Order calendars via zakshawphotography@gmail.com or the secure Paypal option below.

Order calendars via zakshawphotography@gmail.com or the secure Paypal option below.
My 2014 calendar was entirely photographed on the western side of New Zealand's Southern Alps. "Land in the West" is printed at a size of A4 with twelve calendar month pages displaying stunning outdoor environment photographs. Take a look at my Facebook page to view all twelve 2014 calendar images! Order here via Paypal or email me at zakshawphotography@gmail.com if you would prefer to pay with online banking. Thanks for your support!
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Wednesday, February 15, 2006

The Exposed Southwest Coast

Bird Sound to Cape Disappointment – South Georgia

Bird Sound is the passage of water separating the mainland of South Georgia from the small islands to the north. In times of bad weather and swell the narrow slot can turn into a turbulent confused passage of crashing whitewater.
A weather window allowed the kayakers to again cover good distance as they rounded the northern bays on route down the exposed southwest coast. Temperatures plummeted encasing the kayaks in ice, sea spray froze on contact with everything.
Our passage through bird sound was uneventful as the prevailing northerly winds calmed. Massive tabular icebergs were more plentiful on the southern coast in varying shapes and sizes.
Holmstrand – 23rd Oct the day involved eight hours of paddling for the boys into a SW breeze continuing the trend of headwinds. All day we moved along rugged coastline, un-charted areas of coast where sea depths are often not known. We kept a watchful eye on the depth sounder, as contact with any un-chartered rock would have had serious repercussions.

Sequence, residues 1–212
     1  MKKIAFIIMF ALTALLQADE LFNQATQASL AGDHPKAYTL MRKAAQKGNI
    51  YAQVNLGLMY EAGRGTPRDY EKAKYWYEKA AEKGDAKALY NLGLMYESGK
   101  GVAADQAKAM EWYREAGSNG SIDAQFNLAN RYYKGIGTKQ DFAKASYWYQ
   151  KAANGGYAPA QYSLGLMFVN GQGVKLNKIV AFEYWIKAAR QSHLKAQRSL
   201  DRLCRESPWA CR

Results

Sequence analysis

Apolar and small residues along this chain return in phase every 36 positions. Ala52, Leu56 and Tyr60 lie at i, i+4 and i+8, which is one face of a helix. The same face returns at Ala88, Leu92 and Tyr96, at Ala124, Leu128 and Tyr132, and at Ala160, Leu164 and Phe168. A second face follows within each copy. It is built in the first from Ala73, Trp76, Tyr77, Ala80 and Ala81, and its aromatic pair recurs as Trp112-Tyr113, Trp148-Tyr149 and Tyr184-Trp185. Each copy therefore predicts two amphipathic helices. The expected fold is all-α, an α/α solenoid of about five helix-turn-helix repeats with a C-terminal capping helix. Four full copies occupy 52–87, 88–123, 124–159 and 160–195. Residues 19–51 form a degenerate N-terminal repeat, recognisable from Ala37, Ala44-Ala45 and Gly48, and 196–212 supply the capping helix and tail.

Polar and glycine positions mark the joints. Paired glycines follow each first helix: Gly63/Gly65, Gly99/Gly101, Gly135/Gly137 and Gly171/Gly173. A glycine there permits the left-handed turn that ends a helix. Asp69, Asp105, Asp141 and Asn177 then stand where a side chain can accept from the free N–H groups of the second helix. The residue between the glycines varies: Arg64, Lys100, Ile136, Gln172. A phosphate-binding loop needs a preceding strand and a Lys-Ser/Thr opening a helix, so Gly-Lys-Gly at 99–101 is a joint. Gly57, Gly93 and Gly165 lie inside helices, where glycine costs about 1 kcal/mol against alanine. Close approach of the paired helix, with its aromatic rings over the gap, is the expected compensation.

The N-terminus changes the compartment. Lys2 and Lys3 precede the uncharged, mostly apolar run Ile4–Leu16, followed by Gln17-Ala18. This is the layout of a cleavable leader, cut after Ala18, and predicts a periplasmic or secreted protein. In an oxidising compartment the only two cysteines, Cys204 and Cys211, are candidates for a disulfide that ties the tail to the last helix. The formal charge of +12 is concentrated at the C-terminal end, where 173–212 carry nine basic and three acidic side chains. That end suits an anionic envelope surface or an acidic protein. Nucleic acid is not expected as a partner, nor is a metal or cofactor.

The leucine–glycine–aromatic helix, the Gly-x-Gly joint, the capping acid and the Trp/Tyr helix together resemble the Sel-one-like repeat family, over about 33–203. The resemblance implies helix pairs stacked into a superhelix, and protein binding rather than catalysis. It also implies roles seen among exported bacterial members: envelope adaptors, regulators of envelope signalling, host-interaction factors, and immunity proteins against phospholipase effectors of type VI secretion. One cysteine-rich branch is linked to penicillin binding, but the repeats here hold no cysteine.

Bays and beaches were packed with small blocks of brash ice and huge constricted glaciers.
The night fell with an amazing light on the mountains and calm winds, yet still bitterly cold.

25th Holmstrand to Ducloz head – distance 27 nautical miles

Our entrance into anchorage at Ducloz head was a real test. Shallow reefs blocked a clear line and sporadic depths and clumps of kelp kept us guessing on the best way in to the protected area of the bay. Most anchorages on the southwest coast had specific protection from only one or two directions, reading weather maps and then predicting the sea conditions and what effect that may have on us should a storm suddenly hit or the weather suddenly come from another direction was our primary concern.
We set the zodiac in the water and set about with a handheld depth sounder trying to find the channel. Northhanger had a minimum depth necessary of 3.6 metres. Depths varied from 8 feet to 25 feet within a few metres either side of the channel and guiding the yacht in was often quite stressful. If things suddenly got really shallow the yacht would back off and try a different approach.
Ducloz head was packed with brash ice and trying anchor lines ashore was a tesing exercise, the zodiac was incredibly difficult to manouver through the ice chunks to attach lines or “springers” to rock bollards.

26th Ducloz head to Diaz Cove – distance 22 nautical miles, again cold conditions, the sun had not shone through for over ten days restricting temperatures to rise above 3 or four degrees. These temperatures combined with winds running off the ice and snow and the wet paddling conditions ensured the kayakers and yacht crew on watch often suffered freezing extremities.

27th Oct – 1pm we set off from Diaz Cove on route to the southern most point of South Georgia, Cape Disapointment. Sea depths of 30m+ suddenly dropped out to 10m and we were forced to move cautiously and change direction several times. Watching the sea swell and its movements we looked for piles, lumps and other sea swell movements potentially caused by shallow depths.
As we rounded Cape Disappoinotment the sun finally shone through illuminating icebergs, and the steep faces, gullies and rugged peaks of South Georgia were suddenly in all their glory, we were certainly not disappointed by the spectacle.
Rounding the corner the wind suddenly switched and blew onto our stern and we rode the swell past several bays before cruising up into Drygalski Fiord.

To be continued
Zak Shaw

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